How to care for your Caladium

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Caladiums are some of the most spectacular foliage plants you can find anywhere. They are stars of the show on Instagram (especially the white ones, which actually look like they might be made of paper and are a particular showstopper).

Whilst they're hugely popular in the US, I'm actually amazed that they aren't already more popular in the UK - perhaps we can start a Caladium revolution this summer. Despite their impressive appearance, they're a really easy and rewarding plant to keep. In the summer, you are rewarded with masses and masses of bright and bold leaves that just keep coming, and in the winter, just pop them in a darker corner, allow them to dry out and forget about them until spring!

My biggest problem with Caladiums is deciding what colour leaves I like the best, which always leads to the dilemma: just one more plant! :-s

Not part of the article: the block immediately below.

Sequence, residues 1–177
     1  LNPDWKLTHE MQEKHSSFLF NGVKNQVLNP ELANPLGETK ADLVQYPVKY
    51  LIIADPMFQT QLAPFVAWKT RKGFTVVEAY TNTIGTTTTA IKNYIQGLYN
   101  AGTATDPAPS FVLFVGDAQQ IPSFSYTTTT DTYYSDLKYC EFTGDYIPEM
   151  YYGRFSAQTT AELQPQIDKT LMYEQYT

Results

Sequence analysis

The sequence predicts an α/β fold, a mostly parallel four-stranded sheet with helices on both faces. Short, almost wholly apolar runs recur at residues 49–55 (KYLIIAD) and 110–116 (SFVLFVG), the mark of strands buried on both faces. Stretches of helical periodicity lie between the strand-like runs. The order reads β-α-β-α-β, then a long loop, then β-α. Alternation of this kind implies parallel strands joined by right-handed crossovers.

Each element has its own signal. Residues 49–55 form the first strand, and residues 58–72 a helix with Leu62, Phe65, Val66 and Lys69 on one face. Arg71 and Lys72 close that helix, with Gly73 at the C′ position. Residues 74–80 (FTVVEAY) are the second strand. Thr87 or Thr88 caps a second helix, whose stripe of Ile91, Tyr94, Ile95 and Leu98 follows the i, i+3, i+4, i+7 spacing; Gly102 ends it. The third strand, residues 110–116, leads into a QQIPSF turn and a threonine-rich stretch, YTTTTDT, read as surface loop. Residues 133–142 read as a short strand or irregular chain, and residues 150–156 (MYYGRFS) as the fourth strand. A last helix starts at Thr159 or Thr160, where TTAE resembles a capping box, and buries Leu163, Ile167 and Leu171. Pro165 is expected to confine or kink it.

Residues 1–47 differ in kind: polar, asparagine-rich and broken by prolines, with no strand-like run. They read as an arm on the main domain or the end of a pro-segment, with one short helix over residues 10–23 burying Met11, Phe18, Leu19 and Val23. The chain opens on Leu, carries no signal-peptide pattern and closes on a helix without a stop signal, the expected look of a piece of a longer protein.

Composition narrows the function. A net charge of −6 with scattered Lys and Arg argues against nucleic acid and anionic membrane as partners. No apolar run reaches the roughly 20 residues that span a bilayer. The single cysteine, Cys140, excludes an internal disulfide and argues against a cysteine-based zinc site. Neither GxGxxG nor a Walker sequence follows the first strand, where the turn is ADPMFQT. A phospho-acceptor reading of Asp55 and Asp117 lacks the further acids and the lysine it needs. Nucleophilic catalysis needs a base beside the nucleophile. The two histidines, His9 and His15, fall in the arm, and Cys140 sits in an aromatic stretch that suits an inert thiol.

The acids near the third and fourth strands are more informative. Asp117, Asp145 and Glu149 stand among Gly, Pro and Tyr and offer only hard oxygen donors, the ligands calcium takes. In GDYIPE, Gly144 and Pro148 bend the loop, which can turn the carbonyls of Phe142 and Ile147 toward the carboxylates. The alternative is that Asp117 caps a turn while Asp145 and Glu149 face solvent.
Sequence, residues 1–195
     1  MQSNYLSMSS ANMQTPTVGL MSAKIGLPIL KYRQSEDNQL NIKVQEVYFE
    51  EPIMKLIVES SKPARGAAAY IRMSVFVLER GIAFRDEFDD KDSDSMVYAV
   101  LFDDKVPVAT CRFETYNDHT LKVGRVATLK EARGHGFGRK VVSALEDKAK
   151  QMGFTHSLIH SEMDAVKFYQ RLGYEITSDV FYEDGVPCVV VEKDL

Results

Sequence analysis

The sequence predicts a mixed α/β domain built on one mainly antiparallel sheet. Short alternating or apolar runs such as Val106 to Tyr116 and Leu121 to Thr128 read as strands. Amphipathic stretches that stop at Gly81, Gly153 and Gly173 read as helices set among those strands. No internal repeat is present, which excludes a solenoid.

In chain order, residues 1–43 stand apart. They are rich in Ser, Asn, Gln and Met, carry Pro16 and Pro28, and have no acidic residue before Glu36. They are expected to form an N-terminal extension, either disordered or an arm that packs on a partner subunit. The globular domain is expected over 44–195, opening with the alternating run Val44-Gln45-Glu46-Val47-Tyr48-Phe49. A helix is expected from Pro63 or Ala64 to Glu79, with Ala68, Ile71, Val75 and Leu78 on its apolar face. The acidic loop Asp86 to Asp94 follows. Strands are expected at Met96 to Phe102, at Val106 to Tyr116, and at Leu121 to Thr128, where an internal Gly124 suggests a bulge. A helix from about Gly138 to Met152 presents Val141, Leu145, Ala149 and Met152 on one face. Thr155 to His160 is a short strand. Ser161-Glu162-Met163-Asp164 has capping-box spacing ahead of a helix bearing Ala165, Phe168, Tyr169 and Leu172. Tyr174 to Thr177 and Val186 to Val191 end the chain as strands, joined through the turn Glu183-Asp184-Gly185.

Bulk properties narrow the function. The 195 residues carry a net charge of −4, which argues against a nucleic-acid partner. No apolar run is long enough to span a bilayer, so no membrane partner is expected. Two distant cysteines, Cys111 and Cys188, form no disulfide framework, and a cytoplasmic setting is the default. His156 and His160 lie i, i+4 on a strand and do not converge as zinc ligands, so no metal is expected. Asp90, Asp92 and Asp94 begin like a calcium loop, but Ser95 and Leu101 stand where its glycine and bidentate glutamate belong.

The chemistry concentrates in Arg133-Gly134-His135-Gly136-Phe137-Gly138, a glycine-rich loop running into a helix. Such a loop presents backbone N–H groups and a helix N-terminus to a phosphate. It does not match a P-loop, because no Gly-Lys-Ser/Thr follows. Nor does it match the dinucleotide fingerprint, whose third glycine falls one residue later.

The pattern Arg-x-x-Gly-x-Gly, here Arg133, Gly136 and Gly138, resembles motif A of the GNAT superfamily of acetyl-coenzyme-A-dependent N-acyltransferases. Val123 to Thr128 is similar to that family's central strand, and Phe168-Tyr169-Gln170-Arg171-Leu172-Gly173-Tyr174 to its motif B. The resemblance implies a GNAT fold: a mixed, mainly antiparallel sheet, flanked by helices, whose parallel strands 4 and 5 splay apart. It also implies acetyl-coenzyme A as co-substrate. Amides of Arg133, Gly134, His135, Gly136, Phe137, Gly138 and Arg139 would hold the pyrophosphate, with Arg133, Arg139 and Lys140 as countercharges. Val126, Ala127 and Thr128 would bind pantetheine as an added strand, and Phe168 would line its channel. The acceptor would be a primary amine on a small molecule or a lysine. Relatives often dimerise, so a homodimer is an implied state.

Native habitat

Caladiums are native to tropical forests of South and Central America that have very clearly defined wet and dry seasons.

Light and position in the home

They grow on the floor of the rainforest and love bright, indirect light or partial shade, no direct sun thank you.

Flowers and foliage

Surely, these have to be some of the brightest and most spectacular leaves in all of nature. What other plant has such vivid varieties in red, pink, green, white, and every possible combination of them too? The leaves are clearly the main attraction, but of course they can produce flowers too, which look a bit like arum lillies.


Caladiums need warm, moist soil so they aren't suited to growing outdoors in the UK, except perhaps during the height of summer. Aim for temperatures around 20 degrees Celsius and this plant will be happy!


Moist and humid is the mantra with Caladiums, at least during summer! They thrive in high humidity and likes its soil to be constantly damp (but not soggy!) during summer. But during autumn/winter you need to stop watering and let it dry out completely until the following spring.

Did you know?

Caladiums are bulbs, and should be allowed to go dormant during winter, so don't panic when all the leaves disappear - it's doing its thing! When you water it again in early spring, you will be greeted with a flush of brand-new leaves each year.

This plant is toxic to cats and dogs.


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